In the art, carboxylic acids are known as resolving agents for resolving a mixture of basic enantiomers; however, such compounds have a relatively weak acidity, resulting in limiting salt formation, which is particularly problematic for resolving weak basic compounds.

Further, 10-camphorsulfonic acid is known as resolving agent for basic enantiomeric mixtures, see Stereochem. Org. Compounds, E. L.

Eliel, S. H. Wilen, Wiley Interscience, N. Y., U. S. A., 1994, pp.

322-337. However, the diversity in resolving agents, in particular in resolving weak basic enantiomers, in limited.

According to the invention, it is now found that chiral sulfamic acids having an enantiomeric purity of at least 90% of formula (I) : (Rl, R2) N-SO3H (I) wherein: R1 and R2, being the same or different, are selected from the group consisting of: a hydrogen atom, a linear, branched or cyclic alkyl or heteroalkyl group, being optionally substituted, or an aromatic or heteroaromatic group, being optionally substituted, provided that R1 and R2 are not both hydrogen and that at least one of the Rl and R2 groups is chiral, have optimal and surprising properties rendering these compounds highly suitable for use as resolving agent for resolving a mixture of enantiomers, resulting in efficient resolution of mixtures of enantiomeric compounds.

The said sulfamic acids have a stronger acidity than corresponding carboxylic acids and will therefore have an increased potency for salt formation, particularly with weakly basic compounds.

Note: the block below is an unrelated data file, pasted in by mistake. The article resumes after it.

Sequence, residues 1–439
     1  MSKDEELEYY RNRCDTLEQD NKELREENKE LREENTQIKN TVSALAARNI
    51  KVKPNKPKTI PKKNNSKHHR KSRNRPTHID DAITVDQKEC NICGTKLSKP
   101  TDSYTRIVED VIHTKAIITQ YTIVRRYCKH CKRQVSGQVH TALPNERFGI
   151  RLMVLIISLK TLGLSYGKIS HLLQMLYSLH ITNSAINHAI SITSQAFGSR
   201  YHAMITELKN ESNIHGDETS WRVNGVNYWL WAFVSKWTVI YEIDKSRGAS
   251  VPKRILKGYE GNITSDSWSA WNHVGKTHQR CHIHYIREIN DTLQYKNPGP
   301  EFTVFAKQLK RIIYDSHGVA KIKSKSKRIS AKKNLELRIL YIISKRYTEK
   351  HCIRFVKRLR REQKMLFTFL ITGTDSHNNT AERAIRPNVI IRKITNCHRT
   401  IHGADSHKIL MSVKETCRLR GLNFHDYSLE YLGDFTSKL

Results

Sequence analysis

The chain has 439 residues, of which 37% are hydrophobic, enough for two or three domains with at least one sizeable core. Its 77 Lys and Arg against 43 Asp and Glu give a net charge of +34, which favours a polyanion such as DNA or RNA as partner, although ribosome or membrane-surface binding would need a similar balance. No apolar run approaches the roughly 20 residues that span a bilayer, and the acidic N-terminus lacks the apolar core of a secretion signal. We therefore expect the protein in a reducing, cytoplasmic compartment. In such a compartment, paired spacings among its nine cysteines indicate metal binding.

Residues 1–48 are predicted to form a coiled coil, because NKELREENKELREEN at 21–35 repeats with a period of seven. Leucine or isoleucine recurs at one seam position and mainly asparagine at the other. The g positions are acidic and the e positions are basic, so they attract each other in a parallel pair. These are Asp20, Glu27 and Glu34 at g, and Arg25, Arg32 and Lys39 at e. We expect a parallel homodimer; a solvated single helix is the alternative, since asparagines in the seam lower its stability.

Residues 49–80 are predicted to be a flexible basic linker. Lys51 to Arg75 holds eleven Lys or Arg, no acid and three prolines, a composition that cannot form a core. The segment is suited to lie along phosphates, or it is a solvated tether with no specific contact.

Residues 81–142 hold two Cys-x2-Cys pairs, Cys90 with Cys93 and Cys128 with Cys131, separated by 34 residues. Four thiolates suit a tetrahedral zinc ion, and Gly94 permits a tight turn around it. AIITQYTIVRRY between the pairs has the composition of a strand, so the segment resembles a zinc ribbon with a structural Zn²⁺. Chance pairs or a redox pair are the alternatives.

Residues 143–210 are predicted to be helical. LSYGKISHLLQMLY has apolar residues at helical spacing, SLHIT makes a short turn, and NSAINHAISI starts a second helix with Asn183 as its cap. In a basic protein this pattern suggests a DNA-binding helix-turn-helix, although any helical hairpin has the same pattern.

Thus the current method provides a significant enhancement in diversity.

The term"enantiomeric purity of at least 90%"means that, on a molar basis, at least 95% of the sulfamic acid has the same stereochemic conformation; this means that less than 5% of the sulfamic acid is of the antipodic stereochemic conformation. This can be derived from the known formula for enantiomeric purity [ (A-B)/ (A+B)] x 100%, wherein A and B stand for each of the enantiomers respectively. It is to be noted that the maximum obtainable resolution of the enantiomers in the mixture corresponds to the enantiomeric purity of the resolving agent; this means that when the resolving agent has an enantiomeric purity of 95%, the maximum obtainable resolution of the enantiomers will be 95%.

Sulfamic acids as such and the preparation thereof from amines are known in the art; US 2 933 513 describes the preparation of (salts of) testosterone sulfamic acids. These compounds are used as water-soluble analogues of testosterone. A. G. Lloyd, et al.

(Biochemical Journal 92,1964,68-72) discloses the synthesis of labeled sulfamic acids of D-glucosamine for metabolism studies. S.-K.

Chung, et al. (Tetrahedron 54,1998,15899-15914) describe the synthesis of sulfamic acid steroid derivatives for use as antifungal agents. M. L. Wolfrom, et al. (Journal of the American Chemical Society 79,1957,5043-5046) disclose the synthesis of D-glucose derivatives containing a sulfamic acid group by reaction of D- glucosamine free base with S0 ;-pyridine complex. This unit is present in heparin. M. H. Payne, et al. (Journal of Medicinal Chemistry 34, 1991,1184-1187) describe the effect of sulfation in hirudin and hirudin PA related anticoagulant peptides as part of a structure activity relationship (SAR) study. Also, the synthesis of sulfamic acid derivatives of these peptides is given. R. Crosstick, et al.